It has been almost eight months since the Building Code 2016 (the Code) commenced and things are in full swing. As of the 19 July 2017:
- 1,706 agreements and individual clauses have been received for assessment from unions, industry associations and contractors;
- currently assessing about 300 agreements per month and receiving about 170 per month;
- since 2 December 2016, 191 government funded projects have already gone out for tender or expression of interest; and
- 44 projects have already had a head contractor appointed, of which 25 projects have commenced construction.
To tender for and be awarded Commonwealth funded work, contractors must have a Code-compliant agreement from 1 September 2017 unless other transitional arrangements apply – for example, they are covered by a modern award or are exclusively covered by an enterprise agreement made before 25 April 2014 that has not been varied.
The Code has strict right of entry and freedom of association provisions. It also sets out important new rules for health and safety, security of payments, engaging non-citizens or non-residents and the use of building materials that comply with relevant Australian standards. For example, a failure to comply with State and Territory safety laws and Commonwealth migration laws is taken to be a failure to comply with the Code and may result in an exclusion sanction for undertaking Commonwealth funded work.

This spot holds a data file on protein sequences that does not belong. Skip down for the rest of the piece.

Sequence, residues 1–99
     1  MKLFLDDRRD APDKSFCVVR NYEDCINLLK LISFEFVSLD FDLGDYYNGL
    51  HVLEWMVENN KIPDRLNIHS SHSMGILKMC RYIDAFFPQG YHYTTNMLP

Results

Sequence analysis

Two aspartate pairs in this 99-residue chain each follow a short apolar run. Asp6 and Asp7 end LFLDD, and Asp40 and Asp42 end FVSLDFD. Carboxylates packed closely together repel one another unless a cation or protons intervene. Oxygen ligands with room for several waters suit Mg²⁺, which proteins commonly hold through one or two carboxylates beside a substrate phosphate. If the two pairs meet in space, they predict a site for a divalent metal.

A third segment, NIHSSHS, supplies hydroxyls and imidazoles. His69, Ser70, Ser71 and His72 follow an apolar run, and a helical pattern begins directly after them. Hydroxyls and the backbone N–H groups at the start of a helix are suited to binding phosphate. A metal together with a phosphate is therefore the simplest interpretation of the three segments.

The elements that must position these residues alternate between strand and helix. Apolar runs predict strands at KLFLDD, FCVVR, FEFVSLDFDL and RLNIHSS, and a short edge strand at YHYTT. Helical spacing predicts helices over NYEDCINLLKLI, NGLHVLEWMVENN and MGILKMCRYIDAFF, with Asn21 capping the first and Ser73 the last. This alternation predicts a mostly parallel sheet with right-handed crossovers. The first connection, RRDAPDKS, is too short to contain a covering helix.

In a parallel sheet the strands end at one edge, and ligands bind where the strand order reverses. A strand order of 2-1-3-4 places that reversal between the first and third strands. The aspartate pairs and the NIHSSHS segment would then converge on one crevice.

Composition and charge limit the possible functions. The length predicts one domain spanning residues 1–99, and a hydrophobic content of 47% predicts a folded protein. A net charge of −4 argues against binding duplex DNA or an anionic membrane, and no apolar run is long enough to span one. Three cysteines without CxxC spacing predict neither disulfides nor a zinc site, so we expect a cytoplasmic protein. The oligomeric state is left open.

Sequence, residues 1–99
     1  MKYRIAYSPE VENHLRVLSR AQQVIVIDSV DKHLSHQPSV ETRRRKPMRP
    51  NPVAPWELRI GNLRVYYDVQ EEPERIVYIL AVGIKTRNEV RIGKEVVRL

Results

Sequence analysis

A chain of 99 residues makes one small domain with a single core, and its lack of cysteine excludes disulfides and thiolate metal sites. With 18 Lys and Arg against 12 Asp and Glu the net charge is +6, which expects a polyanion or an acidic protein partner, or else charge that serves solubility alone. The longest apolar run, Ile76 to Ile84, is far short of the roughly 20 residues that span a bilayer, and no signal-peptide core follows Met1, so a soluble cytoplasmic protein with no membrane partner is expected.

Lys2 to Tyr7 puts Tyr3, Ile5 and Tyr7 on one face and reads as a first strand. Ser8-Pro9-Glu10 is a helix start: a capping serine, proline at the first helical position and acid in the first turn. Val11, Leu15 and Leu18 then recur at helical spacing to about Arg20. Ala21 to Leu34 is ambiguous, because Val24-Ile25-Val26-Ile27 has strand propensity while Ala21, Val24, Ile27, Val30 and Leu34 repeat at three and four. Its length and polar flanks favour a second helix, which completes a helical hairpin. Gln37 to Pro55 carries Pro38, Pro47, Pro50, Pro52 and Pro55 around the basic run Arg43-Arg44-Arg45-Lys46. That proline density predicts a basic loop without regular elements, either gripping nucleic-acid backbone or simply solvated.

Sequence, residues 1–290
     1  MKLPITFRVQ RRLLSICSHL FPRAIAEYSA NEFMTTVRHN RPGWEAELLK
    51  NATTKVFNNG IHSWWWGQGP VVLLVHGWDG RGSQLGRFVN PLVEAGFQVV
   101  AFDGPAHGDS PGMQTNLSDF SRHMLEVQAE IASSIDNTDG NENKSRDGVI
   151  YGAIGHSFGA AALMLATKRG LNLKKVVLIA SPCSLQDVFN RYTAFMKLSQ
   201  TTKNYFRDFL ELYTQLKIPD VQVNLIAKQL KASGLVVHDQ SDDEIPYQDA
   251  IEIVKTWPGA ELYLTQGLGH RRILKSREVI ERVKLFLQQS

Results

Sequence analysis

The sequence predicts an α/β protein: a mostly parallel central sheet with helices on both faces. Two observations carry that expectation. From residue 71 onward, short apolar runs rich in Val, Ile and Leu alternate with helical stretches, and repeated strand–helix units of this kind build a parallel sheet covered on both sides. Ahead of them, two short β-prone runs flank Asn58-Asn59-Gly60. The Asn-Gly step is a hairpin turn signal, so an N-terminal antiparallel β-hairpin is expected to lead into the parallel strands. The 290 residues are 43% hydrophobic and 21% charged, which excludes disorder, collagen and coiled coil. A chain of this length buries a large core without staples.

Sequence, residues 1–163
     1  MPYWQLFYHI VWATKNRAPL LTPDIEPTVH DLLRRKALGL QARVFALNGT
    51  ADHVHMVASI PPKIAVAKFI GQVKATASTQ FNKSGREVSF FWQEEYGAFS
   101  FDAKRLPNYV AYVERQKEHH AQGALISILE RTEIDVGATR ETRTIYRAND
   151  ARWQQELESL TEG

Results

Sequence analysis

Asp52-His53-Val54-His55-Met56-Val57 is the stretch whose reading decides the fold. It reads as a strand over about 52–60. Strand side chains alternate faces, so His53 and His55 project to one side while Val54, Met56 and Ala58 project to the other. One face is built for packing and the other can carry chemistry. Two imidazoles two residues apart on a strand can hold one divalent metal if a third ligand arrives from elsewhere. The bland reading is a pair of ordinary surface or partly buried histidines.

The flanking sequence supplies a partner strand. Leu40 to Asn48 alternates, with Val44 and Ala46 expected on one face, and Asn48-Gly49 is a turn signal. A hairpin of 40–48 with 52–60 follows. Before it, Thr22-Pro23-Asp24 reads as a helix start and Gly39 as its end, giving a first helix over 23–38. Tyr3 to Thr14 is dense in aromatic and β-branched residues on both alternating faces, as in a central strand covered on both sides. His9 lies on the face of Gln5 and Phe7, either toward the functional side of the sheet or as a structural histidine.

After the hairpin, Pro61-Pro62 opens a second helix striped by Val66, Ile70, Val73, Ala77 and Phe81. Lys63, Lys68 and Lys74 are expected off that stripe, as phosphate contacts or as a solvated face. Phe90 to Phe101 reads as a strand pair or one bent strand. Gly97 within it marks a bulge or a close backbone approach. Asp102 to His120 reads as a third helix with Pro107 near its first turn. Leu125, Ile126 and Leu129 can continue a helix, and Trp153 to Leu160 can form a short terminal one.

To ensure the ABCC is able to effectively seek exclusion sanctions the ABCC is liaising with relevant State, Territory and Commonwealth agencies. This will enable the ABCC, where appropriate, to take steps towards a sanction under the Code when we become aware that a contractor has contravened one of these laws.
The ABCC has already commenced a robust compliance program to ensure contractors are complying with their legislative obligations. These site inspections and audits conducted by our investigators aim to identify non-compliant behaviour, put the onus on contractors to rectify non-compliant behaviours, and, where rectification cannot be achieved, seek exclusion sanctions from the Minister for Employment.
Ultimately the aim of our compliance program is to ensure that contactors establish measures to avoid industrial relations issues that delay projects, prevent breaches of the law and Code and effect gradual cultural change on building sites.